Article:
Telemedicine Continues to Transform Healthcare (Part 2 of 2): Care in a Kiosk

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We’ve all seen kiosks in our local malls and shopping arenas. They’re used by businesses to sell basically anything, from food to novelty items to cosmetic products.  But what if they could be used for something more than pure capitalism? What if they could be used to improve the healthcare of a nation?

This is exactly the potential that was envisioned by HealthSpot, a technology firm in Dublin, Ohio, who saw an opportunity to expand telemedicine into the kiosk, Doug Desjardins reports in the May 2013 issue of Medicine on the Net.

The firm first presented its eight-foot by five-foot enclosed HealthSpot Station kiosk at the 2013 Consumer Electronics Show (CES) in Las Vegas. The HealthSpot Station kiosk is “equipped with a touch-screen monitor, audio system, and high-definition TV screens, allowing patients to conduct a virtual visit with a physician.”

For over a year, the kiosk had been tested throughout Ohio with such prestigious partners as The Cleveland Clinic and the University Hospitals health network, as well as with 400 patients and 15 patients through Central Ohio Primary Care.

Lisa Maughan, vice president of marketing for HealthSpot, recalled, “Every pilot program was different. University Hospitals used the kiosks as part of a triage program to divert patients who didn’t require emergency care away from their ERs. The Cleveland Clinic tested them in two of their Express Care urgent care clinics. But all of them had the same goals in mind of driving down costs while providing a new access point for care.”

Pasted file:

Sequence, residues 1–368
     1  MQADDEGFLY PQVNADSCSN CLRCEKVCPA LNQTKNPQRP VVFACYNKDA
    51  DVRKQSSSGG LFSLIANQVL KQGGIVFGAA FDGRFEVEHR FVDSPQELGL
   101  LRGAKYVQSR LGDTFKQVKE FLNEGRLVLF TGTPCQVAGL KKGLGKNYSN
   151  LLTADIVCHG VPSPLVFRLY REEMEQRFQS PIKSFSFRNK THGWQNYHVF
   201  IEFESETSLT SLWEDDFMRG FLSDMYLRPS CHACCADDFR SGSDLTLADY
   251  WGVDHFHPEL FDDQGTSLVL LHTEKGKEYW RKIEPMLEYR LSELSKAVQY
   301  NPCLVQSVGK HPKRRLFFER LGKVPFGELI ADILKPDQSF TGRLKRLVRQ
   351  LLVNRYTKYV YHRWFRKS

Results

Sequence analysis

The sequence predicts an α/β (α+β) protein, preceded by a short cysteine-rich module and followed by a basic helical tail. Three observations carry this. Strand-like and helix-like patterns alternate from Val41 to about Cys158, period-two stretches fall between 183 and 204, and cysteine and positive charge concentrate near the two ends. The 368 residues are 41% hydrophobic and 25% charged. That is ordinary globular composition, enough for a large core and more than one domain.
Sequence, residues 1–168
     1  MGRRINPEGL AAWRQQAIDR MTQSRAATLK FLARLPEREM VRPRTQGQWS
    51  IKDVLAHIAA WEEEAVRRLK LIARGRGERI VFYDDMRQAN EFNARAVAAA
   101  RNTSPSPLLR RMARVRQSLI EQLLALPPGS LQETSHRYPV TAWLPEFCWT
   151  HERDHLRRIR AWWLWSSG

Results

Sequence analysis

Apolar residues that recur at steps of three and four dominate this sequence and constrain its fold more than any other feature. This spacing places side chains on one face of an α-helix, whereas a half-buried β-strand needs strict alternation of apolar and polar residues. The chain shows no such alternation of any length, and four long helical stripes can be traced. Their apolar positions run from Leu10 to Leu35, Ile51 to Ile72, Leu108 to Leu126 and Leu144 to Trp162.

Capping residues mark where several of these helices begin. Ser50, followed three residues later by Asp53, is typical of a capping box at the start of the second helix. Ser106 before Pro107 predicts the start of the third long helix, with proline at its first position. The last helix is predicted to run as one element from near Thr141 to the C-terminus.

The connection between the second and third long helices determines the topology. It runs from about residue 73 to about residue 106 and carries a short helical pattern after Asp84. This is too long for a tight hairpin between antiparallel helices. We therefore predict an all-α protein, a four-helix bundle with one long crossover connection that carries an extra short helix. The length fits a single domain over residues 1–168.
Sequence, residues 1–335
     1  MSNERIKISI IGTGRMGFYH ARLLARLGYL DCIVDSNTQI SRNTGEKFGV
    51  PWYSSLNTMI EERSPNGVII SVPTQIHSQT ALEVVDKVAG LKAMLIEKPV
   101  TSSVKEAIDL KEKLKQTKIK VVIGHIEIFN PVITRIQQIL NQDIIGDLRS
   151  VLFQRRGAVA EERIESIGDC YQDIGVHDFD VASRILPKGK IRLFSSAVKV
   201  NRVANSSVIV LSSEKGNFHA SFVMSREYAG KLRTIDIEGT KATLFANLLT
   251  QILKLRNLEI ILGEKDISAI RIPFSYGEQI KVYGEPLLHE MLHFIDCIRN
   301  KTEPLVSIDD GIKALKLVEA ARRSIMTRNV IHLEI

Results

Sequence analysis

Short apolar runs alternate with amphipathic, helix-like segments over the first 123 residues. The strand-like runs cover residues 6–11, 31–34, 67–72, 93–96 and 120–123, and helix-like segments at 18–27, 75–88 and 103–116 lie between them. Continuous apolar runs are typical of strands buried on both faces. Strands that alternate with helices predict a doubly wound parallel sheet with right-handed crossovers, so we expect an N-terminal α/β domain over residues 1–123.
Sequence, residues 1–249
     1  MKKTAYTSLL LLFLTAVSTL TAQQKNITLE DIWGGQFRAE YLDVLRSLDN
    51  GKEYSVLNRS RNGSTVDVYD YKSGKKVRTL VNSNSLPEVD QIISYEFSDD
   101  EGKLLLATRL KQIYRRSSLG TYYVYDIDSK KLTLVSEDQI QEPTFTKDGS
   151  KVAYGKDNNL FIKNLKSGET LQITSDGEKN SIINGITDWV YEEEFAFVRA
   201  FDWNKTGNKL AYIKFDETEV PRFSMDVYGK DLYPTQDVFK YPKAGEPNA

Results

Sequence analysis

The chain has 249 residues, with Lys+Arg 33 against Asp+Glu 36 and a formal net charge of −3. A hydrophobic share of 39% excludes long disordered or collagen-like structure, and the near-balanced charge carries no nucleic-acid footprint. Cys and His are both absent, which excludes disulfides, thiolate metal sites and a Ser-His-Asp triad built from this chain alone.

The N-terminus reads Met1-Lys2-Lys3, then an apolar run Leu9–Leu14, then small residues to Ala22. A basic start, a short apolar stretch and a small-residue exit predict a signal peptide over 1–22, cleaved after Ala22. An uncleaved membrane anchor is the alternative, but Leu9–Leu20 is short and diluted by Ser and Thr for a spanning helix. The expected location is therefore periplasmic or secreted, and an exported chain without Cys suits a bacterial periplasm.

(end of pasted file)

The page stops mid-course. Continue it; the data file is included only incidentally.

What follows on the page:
With the success of its pilot programs, HealthSpot is looking to expand beyond Ohio, and other companies are eager to sign on, such as telemedicine company Teladoc, whose focus will be on using the kiosks with board-certified physicians, and Miami Children’s Hospital, who wants to use the kiosks to provide pediatric specialists for children and families at 10 different locations not just in Florida, but also in the Caribbean.

HealthSpot founder and CEO Steve Cashman passionately believes the kiosk is a meeting point for two of the major healthcare conundrums of the day: technology and convenience. He said, “HealthSpot has built a solution that merges technology with convenience in patient care. Our innovation utilizes today’s technology combined with modern medicine to diagnose and treat patients in ways that are affordable, convenient, and effective.”

As the rollout of these kiosks advances, HealthSpot plans to zero in on non-clinical setting such as grocery stores and business parks. Desjardins writes that these “kiosks for nonmedical settings will have a standard consultation fee and a set of conditions that physicians will diagnose and treat.”

The business model for this phase of the rollout will be modeled after Redbox, Maughan said. “With retailers, we’re probably looking at a situation where we’ll lease space in a store and share a percentage of the profits with them.”

What are your thoughts on these kiosks? Do you think HealthSpot’s ambitions represent a potentially positive and effective advancement of healthcare to the public?

-by Pete Fernbaugh

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